LTRA-12: Conservation agriculture for food security in Cambodia and the Philippines

Principal investigator

Manuel R. Reyes, professor, biological engineering, North Carolina Agricultural and Technical State University (NCA&T)

Research team

  • Susan Andrews, soil quality team leader and ecologist, USDA-Natural Resources Conservation Service East National Tech Support Center
  • Adrian Marc Bolliger, advisor for faculty development, German Development Service (DED), Royal University of Agriculture, Cambodia
  • Stéphane Boulakia, tropical agronomist, Project to Support Agricultural Development in Cambodia (PADAC) / Centre de Coopération International en Recherche Agronomique pour le Développement (CIRAD), Cambodia
  • Stéphane Chabierski, agronomist, PADAC/CIRAD, Cambodia
  • Maria Helen F. Dayo, gender center director, University of the Philippines-Los Baños(UPLB)
  • Victor B. Ella, professor, College of Engineering and Agro-Industrial Technology, UPLB
  • Charles E. Kome, soil scientist, USDA-Natural Resources Conservation Service East National Tech Support Center, Greensboro, N.C.
  • Hok Lyda, soil science, Royal University of Agriculture (RUA), Cambodia
  • Agustin Mercado, research officer, Landcare Foundation of the Philippines
  • Kou Phally, agronomist, PADAC,
  • Chuong Sophal, dean, Department of Agronomy, RUA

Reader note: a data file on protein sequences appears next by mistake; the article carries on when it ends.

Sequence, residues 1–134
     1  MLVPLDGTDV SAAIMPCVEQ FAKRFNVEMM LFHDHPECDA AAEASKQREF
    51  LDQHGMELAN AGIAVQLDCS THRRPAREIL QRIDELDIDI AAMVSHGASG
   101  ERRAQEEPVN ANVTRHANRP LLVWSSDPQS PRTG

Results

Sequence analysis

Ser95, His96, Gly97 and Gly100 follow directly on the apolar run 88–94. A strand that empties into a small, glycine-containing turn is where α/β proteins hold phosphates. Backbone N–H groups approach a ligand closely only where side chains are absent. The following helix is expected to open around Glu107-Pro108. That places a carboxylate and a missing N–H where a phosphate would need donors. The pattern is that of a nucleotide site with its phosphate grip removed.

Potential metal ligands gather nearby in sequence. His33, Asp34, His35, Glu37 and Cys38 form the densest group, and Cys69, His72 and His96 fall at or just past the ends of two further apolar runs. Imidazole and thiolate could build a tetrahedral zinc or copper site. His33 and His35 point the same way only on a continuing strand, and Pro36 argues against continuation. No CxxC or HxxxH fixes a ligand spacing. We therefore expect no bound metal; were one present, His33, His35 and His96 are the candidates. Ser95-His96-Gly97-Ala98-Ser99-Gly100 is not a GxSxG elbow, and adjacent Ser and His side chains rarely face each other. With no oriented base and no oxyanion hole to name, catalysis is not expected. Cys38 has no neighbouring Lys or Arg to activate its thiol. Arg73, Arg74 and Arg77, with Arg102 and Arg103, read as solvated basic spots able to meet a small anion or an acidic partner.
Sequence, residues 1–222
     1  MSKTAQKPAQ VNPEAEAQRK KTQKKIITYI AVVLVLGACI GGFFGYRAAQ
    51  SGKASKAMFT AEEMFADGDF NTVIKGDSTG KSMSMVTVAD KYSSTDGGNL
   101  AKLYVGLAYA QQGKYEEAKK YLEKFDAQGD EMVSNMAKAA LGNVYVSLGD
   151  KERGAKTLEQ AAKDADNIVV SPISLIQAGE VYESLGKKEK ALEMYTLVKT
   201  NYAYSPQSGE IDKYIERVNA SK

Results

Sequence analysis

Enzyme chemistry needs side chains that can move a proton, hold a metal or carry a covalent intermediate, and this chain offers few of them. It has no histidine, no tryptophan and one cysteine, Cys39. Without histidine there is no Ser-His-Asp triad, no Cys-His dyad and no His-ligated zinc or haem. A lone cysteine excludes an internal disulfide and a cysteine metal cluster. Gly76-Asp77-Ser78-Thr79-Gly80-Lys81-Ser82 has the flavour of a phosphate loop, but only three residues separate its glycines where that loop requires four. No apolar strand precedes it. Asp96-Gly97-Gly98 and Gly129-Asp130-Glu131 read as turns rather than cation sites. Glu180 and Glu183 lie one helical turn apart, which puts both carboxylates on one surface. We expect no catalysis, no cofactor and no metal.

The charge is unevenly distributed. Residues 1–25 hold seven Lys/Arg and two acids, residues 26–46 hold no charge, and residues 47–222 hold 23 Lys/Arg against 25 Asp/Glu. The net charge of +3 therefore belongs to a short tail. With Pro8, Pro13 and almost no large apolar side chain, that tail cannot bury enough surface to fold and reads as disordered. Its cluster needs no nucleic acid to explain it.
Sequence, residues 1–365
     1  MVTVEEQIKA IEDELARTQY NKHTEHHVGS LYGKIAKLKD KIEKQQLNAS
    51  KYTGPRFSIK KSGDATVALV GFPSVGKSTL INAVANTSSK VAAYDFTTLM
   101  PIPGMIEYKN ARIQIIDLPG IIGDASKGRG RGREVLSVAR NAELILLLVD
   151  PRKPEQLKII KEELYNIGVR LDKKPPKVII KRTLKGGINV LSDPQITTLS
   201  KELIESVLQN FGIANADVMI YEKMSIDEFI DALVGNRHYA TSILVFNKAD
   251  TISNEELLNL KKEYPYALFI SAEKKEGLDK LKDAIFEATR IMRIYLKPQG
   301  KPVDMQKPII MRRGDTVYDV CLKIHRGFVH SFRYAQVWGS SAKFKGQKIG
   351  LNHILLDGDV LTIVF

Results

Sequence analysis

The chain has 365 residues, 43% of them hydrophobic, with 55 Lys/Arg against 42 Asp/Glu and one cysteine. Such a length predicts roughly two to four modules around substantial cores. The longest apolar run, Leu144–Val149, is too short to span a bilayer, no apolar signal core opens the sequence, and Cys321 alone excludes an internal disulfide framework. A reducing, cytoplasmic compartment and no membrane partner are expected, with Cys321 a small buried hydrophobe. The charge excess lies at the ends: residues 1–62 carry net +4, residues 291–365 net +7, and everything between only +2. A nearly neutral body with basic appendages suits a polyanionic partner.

• San Sona, agronomist, PADAC
  • Osei Yeboah, associate professor, Department of Agribusiness, Applied Economics and Agriscience Education, NCA&T


Degraded landscapes are expanding annually in Cambodia and the Philippines, decreasing agricultural productivity, which in turn heightens food insecurity and exacerbates poverty. In both countries, rural poverty is increasing pressure on natural resources like forests, soil, and water. This project will show how conservation agriculture principles and practices of minimal soil disturbance, continual mulching, and crop rotations can be adapted for local conditions as the best practices to create sustainable, permanent cropping systems for annual crop production under wet tropical conditions.

The project’s hypothesis is that such best practices are technologically feasible, economically viable, environmentally sustainable, and gender-responsive, not only contributing to the food security of small farming communities in Cambodia and the Philippines but also reducing the labor burden on women. This hypothesis will be tested by the following research objectives: to assess soil quality and measure crop yield and biomass from conservation agriculture production systems (CAPS) and compare them with results from conventional plow-based systems in Cambodia and the Philippines; to identify field- and farm-level CAPS that will minimize costs and risks for small-scale farmers while maximizing benefits and adoption; to pinpoint gendered limitations and advantages that can promote adoption of CAPS and determine how CAPS will affect farm women’s situations; to quantify the effectiveness of SANREM-supported farmer groups in training knowledge leaders, being a means of knowledge transmission, and facilitating network connections leading to widespread adoption of CAPS; and to find out whether a microcredit approach and a method to facilitate access for mechanized direct seed drilling and spraying can be successful in promoting adoption of conservation agriculture in Cambodia.

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